- Forecasting cash flow is a critical element in estimating value. This session will explore some of the subtle issues involved in forecasting cash flow - in particular the need for external capital and the management of growth. Participants will be asked to complete estimates of cash flow and growth and discuss the assumptions they made to accomplish the task.
- Cost of Capital and Valuation
- The final session will include estimation of the components used in calculating the cost of capital in a company. General issues and examples will be discussed, with participants being asked to apply those concepts in estimating cost of capital for a specific company and forecasting future value.
Who Should Attend
Managers in marketing, sales, production, engineering, R & D, human resources and others who wish to know about more about accounting and finance. Participants often use (or should be using) financial statements and want to develop more confidence in their analytical skills. No prior classroom experience in accounting or finance is expected, but familiarity with the general language of business will be assumed.
"After completing Understanding Finance and Accounting I have a much clearer comprehension of accounting, finance, purchase orders and the day-to-day operations of my company."
– IT Manager, Clean Energy
"Great, relevant course! This has made the numbers and finance side of our business much easier for me to understand and work with."
– Director of R&D, Windsor Foods
Using case studies, current business articles, in-class exercises, interaction and small group projects, our faculty will lead you to focus on the key knowledge and skills you need to understand and apply concepts to your organization's activities.
Mark DeFond, Ph.D., USC Marshall Professor of Accounting studies financial accounting, auditing, and international accounting. He is a CPA (inactive), a four time winner of the MBA Golden Apple teaching award, and was ranked among the ten most outstanding USC MBA faculty by BusinessWeek. He is widely published and one of the 25 most cited authors in accounting. Professor DeFond is a board member of several leading academic journals and a recipient of several research awards, including the Notable Contribution to Auditing Literature Award and the Mellon Award for Excellence in Mentoring Faculty. He has held visiting professorships at universities in Hong Kong and Singapore. click here.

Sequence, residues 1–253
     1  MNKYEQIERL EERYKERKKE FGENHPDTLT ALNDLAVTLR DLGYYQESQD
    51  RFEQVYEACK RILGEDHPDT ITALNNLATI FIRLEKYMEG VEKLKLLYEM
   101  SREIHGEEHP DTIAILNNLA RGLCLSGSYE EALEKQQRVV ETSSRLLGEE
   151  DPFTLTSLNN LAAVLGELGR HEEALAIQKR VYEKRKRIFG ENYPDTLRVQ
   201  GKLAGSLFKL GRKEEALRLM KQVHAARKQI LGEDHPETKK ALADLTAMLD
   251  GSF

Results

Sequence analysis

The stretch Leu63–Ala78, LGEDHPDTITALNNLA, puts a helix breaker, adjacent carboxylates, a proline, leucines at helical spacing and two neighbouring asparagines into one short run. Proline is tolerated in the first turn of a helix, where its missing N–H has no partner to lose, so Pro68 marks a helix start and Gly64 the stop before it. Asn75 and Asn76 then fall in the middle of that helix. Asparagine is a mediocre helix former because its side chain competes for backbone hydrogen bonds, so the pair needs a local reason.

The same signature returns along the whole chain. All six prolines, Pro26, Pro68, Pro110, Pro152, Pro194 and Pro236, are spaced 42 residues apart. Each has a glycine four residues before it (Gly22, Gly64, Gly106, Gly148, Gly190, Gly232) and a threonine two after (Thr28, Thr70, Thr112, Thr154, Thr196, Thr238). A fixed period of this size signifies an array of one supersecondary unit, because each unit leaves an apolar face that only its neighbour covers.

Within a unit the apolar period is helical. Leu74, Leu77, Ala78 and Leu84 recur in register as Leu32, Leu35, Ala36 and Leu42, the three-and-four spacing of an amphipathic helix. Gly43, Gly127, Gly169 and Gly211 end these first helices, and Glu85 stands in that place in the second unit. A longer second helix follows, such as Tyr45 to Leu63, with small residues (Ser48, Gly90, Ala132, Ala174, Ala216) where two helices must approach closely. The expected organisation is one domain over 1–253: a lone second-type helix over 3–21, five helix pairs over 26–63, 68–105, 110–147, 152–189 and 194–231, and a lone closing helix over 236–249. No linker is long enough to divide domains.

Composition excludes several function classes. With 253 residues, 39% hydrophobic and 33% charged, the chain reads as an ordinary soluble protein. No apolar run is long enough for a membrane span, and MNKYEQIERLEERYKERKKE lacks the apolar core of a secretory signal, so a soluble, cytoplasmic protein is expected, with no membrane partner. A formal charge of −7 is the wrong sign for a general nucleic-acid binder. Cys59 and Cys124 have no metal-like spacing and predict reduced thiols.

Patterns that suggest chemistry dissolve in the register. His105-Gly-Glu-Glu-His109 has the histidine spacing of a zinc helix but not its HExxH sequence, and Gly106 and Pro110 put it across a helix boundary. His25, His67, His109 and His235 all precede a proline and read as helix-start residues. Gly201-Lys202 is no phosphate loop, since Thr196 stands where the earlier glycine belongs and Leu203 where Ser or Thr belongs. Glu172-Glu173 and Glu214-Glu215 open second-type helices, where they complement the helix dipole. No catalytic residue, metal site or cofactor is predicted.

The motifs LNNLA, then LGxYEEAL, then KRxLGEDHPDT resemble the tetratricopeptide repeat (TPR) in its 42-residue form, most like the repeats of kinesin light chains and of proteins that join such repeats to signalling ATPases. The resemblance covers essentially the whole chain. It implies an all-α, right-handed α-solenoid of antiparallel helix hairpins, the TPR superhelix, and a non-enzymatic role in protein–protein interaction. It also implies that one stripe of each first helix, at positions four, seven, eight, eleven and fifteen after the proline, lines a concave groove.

Julia Plotts, MBA, USC Marshall Professor specializes in financial analysis and valuation, mergers and acquisitions, and corporate finance. She is the author of several valuation case studies and contributed to Valuation: The Art and Science of Corporate Investment Decisions. Professor Plotts has been teaching corporate finance and financial analysis and valuation in the EMBA, GEMBA, MBA.PM, IBEAR, and undergraduate programs since 2002. She has received the Golden Apple Award for Teaching Excellence seven times and the Evan C. Thompson Teaching & Learning Innovation Award for Teaching (2011) and Mentoring (2012) and the Dean's Award for Community (2010). Prior to joining the faculty at USC, Plotts worked within the investment-banking group of Bank of America Securities LLC, where she was involved in the execution of mergers and acquisitions, leveraged buyout/recapitalization and capital raising via private/public offerings of equity and debt. She has consulted on shareholder value and corporate strategy for a variety of firms. click here.
Continuing Education Units (CEU)
You will earn 3 CEU credits taking this IN PERSON course. A continuing education unit (CEU) is a measure used in continuing education programs, particularly those required in a licensed profession for the professional to maintain the license. A CEU unit of credit equals to 10 hours of participation in the accredited program designed for professionals with certificates or licenses to practice various professions.
Every reasonable effort will be made to ensure this course runs as described on this web page. Please note that course dates and professors are subject to change. You will be notified by email in advance if there is a date or professor change. Additionally, this course also requires a minimum number of registrants in order to take place. You will be notified by email if the course does not meet this minimum.